Stanford University moved quickly to ramp up the Gilead remdesivir global clinical trial—and enrolled 30 participants quickly thereafter for the adaptive clinical trial. And the elite San Francisco Bay Area academic medical center recently began enrolling patients in the National Institute of Health (NIH)-sponsored clinical trial centering on the safety and efficacy of remdesivir for COVID-19 patients. Shattering study startup records, Stanford launched these studies in record time: study startup typically takes two to three months at Stanford but the COVID-19 remdesivir studies were ramped up in literally weeks.
These aren’t Normal Times!
In normal times, a Phase III clinical trial often takes months of planning after years of research before such a study can commence, reports Tracie White with Stanford Medicine’s News Center. Of course, we live in very different times today. With a raging pandemic and a frantic race for treatments and vaccines, researchers (and the institutions that employ them) operate differently in this world. Consequently, the remdesivir studies have been ramped up in as little time as a week, reports the News Center. Hammering this point home, Aruna Subramanian, MD, clinical professor of infectious disease and coprincipal investigator of the Gilead trial at Stanford, reports, “We brought this on fast.” Dr. Subramanian continued, “We got everything together in a week and were ready to roll. This was record time. This type of thing normally takes two to three months to get on board.”
Remdesivir : A lot at Stake
Gilead and Stanford are neighbors—both situated in the San Francisco Bay Area’s Silicon Valley. As remdesivir has moved to the priority line based on current evidence, the pandemic rapidly expanded, and the hope is that the anti-viral therapy originally developed for Ebola, can slow down the impact of the viral infection. Recent evidence shows promise as TrialSite News reported the other day Gilead recently reported promising updates from its compassionate use program involving 53 COVID-19 patients. We have picked up anecdotal and sporadic data points as well that the drug can make a difference but until large random controlled trials are complete no declarations are responsible.
Stanford’s Stanley Deresinski, MD, associate chief of the division of infectious diseases, reports, “We have had patients hospitalized at Stanford who got remdesivir under compassionate care guidelines.” Dr. Deresinski continued, “Some got better, some got worse. At this point, we just don’t know. We hope to have results soon for remdesivir, and by then we should have another trial in the works for the next best thing.”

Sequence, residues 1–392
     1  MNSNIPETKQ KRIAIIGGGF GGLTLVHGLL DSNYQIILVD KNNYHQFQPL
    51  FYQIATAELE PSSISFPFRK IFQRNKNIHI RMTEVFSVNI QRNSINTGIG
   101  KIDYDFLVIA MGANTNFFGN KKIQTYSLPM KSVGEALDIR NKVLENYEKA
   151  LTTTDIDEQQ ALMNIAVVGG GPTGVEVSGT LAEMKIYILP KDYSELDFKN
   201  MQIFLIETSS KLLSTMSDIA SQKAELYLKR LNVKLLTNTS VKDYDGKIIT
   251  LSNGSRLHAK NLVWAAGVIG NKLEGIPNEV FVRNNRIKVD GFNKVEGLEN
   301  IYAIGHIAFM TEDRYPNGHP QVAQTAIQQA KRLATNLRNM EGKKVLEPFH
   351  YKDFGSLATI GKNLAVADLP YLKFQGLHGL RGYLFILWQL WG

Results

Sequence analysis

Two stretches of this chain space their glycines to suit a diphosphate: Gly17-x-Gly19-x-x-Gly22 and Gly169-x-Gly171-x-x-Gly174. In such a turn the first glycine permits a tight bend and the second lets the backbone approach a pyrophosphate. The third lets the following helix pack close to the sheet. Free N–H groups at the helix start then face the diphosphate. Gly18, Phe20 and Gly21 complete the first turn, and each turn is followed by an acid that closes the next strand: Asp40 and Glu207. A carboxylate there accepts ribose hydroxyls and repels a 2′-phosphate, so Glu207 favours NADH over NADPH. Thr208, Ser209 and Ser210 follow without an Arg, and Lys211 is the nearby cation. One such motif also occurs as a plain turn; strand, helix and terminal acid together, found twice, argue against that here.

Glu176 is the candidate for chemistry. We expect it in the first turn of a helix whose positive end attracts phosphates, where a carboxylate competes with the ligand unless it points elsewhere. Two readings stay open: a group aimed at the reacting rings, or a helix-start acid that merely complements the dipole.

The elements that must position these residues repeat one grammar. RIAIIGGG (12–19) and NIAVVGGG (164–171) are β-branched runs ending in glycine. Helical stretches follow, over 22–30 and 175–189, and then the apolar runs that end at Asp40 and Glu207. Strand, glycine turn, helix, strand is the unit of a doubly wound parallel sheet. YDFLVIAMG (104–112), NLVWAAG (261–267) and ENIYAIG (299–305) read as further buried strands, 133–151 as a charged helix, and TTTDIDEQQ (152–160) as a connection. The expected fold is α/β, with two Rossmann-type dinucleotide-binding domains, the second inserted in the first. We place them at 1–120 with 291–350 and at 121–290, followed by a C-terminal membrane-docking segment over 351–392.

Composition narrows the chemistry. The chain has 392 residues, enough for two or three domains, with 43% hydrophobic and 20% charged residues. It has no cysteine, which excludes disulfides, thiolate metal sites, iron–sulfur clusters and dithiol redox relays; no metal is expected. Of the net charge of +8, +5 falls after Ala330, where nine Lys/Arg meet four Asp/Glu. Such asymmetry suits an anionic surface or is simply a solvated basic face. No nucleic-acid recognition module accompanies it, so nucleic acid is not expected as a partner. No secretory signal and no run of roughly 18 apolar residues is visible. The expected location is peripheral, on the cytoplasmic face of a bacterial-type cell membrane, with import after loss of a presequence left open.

The company’s investigational drug is now being tested at about 100 research sites in the U.S. and abroad (including China). Moreover, Gilead expects to have preliminary data from a study of severe patients by the end of April. Two studies in China, reported Stanford’s Ms. White, were halted due to lack of patients.
Hopes High but also Read for Alternatives
Serving as Principal Investigator at Stanford for the NIH-sponsored remdesivir study is Neera Ahuja, MD. Collaborating with Kari Nadeau, MD, PhD, and others on the project, she notes that “We’re hopeful about remdesivir, but we are already planning for what the next drug might be.” She continued, “We want patients to get any possible treatments that might benefit them as soon as possible.”
Stanford Rational for Remdesivir
The school’s news reported that Cardinal researchers emphasize the drug’s results based on years of research with lab and animal research completed—not to mention clinical studies for Ebola. The drug actually failed to prove its efficacy for Ebola but did however prove it was safe in humans, reports Philip Grant, MD, assistant professor of infectious diseases at the School of Medicine and co-principal investigator the Gilead trial. Moreover, Robert Shafer, MD, professor of medicine at the School of Medicine, reports that for years remdesivir evidenced potential in cell cultures and animals infected by other coronaviruses, such as SARS and MERS. Note that Shafer’s lab recently developed a coronavirus anti-viral research database—similar to one they have accomplished for HIV.
Gilead-Sponsored remdesivir trial
Aruna Subramanian, MD, clinical professor of infectious disease and coprincipal investigator
NIH-Sponsored remdesivir trial
Neera Ahuja, MD, Clinical Professor, Medicine
Kari Nadeau, MD, PhD, Addisy Foundation Professor of Pediatric Food Allergy, Immunology and Asthma, Professor of Pediatrics, Senior Fellow at the Woods Institute for the Environment and Professor of Otolaryngology-Head & Neck Surgery